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Sean Marks on D’Angelo Russell: ‘He’s rounding out into a pro’

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NBA: Brooklyn Nets at Orlando Magic Kim Klement-USA TODAY Sports

The signature move of Sean Marks’ three-year tenure as Nets GM was his June 2017 trade for D’Angelo Russell. He gave up the franchise’s leading scorer and most popular player in Brook Lopez, took on Timofey Mozgov’s albatross of a contract and after some back-and-forth agreed to give up the 27th pick in that year’s draft, which turned in Kyle Kuzma.

Internally, at the time, the Nets saw the move as “transformative.” Marks had a ton of faith in DLo’s potential and now that the deal is paying off, with DLo an All-Star—and the second youngest to boot, Mark is proudly talking up his point guard’s development. Although everyone talks about Joe Harris and Spencer Dinwiddie as the Nets’ biggest “projects,” the emergence of Russell is as big if not bigger. His rep on arrival was damaged. He needed a new start.

“You’ve got to give him the credit. He’s listened to the coaches,” Marks told Brian Lewis recently. “Jacque [Vaughn] has done a great job with him as sort of his personal coach. He’s bought into the performance team. It’s clear his habits have changed. He’s rounding out into a pro. It’s great to see.”

While Marks gave his own team credit in turning DLo into a consistent 20+ point, 7+ assist performer, he noted it’s mostly the player’s doing.

“There’s some areas where I’ve been pleasantly surprised,” Marks said. “Listen, there’s a ton of credit due to D’Angelo. We knew he has elite skills, no question there. And the fact that he’s harnessing them in a way that we haven’t seen before, that’s exciting. It’s exciting to watch a young man like that continue to develop, continue to evolve and maximize the opportunities that he’s been given.

“He came in from Day 1 and said ‘I want you to coach me hard,’ and that’s what Kenny [Atkinson has] done. They’ve formed a nice bond and a good relationship. We’re seeing his leadership start to grow. We’ve never questioned his vision and ball-handling and ability to make other people better. It’s playing in a system and taking the right shots at the right time. I give him a lot of credit: He’s deserving because he’s put the work in.”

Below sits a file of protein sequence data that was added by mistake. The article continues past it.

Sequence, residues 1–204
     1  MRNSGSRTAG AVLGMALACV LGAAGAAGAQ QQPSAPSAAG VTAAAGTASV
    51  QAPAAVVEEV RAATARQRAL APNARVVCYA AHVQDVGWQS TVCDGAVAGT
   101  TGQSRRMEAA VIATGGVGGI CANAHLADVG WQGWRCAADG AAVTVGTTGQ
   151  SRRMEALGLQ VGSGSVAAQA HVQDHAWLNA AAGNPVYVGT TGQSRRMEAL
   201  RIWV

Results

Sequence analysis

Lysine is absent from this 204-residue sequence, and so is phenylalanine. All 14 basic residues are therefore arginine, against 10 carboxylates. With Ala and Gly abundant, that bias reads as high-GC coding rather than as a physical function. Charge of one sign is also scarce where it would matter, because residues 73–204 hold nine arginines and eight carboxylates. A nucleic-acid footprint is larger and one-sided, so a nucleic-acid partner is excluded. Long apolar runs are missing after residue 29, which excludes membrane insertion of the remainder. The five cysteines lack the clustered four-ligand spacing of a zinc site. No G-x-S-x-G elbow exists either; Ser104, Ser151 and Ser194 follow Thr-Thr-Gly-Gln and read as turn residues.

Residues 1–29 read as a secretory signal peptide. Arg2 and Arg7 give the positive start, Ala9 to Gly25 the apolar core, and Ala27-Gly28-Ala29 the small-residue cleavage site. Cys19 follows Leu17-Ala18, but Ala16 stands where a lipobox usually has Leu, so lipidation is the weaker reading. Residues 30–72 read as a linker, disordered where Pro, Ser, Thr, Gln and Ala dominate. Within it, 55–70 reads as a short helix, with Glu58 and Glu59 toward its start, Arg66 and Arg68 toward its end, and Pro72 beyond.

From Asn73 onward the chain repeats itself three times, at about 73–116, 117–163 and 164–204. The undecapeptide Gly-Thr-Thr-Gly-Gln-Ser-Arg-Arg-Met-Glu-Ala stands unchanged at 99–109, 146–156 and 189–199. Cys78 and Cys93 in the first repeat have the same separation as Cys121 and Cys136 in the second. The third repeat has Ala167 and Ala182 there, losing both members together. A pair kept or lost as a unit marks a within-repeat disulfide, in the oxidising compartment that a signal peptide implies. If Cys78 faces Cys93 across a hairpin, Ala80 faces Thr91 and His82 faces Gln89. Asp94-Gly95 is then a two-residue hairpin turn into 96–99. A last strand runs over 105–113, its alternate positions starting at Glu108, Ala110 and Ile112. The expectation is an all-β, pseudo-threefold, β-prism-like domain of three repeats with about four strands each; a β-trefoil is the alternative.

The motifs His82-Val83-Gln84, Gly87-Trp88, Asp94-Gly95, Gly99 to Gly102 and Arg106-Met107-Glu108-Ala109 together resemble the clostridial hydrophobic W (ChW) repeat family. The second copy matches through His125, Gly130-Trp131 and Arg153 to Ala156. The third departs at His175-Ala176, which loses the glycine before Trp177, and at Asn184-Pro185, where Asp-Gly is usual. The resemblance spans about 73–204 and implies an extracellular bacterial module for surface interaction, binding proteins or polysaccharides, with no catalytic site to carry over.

As Lewis notes, DLo may not have known how to be a pro when he arrived in Brooklyn, all of 21 years old. But the combination of the Nets enduring faith in him and his own willingness to work at it provided the spark needed.

Although Lewis didn’t speak with Vaughn —Nets don’t normally provide assistant coaches to the media, he did talk to Kenny Atkinson about his point guard’s growth. Atkinson reiterated what he’s said about Russell since Day 1, that despite what might have been said in L.A., Russell is eminently coachable. He pointed to the Cavaliers game where he started out miserably, then exploded in overtime.

“I took him out a couple times, saying ‘Come on, man, with the turnovers. We can do better. You’ve got to focus in better.’ And he said ‘OK, coach.’ We had our little conversation. It works both ways, a give-and-take,” Atkinson said. “He’s a genuinely good-hearted person and he’s coachable. That makes it easier for me.”

Similarly in a interview with Michael Scotto of The Athletic, Atkinson notes that Marks saw something in DLo that others hadn’t.

“I think the big thing I heard — you know, character things I kind of ignore that — but just from a basketball standpoint I think the big thing I heard was he was not a point guard,” Atkinson said. “’He’s a combo guard, he’s a shooting guard, you can’t play him at the point. He has too much of a scorer’s mentality.’

“I think Sean scouted him in college and felt that wasn’t the case. He said, ‘He’s got elite passing skills.’ Then, when I watched him, I thought he had those (skills). Why can’t he be a point guard? That was kind of from Day 1 here. We didn’t mess with that. We didn’t say, ‘Oh, he’ll play some two, and he’ll play some one.’ No. You’re a point guard. This is what you are. I think that really helped making it clear for him in his development.”

And now, his numbers are getting better as the season wears on. —17.9 points and 6.8 assists in December to 23.8 and 7.3 in January to 25.8 and 8.3 so far in February. It all points to a big contract come July, almost certainly a max deal. And that’s seemingly fine with the Nets: a signature move turned into a franchise player.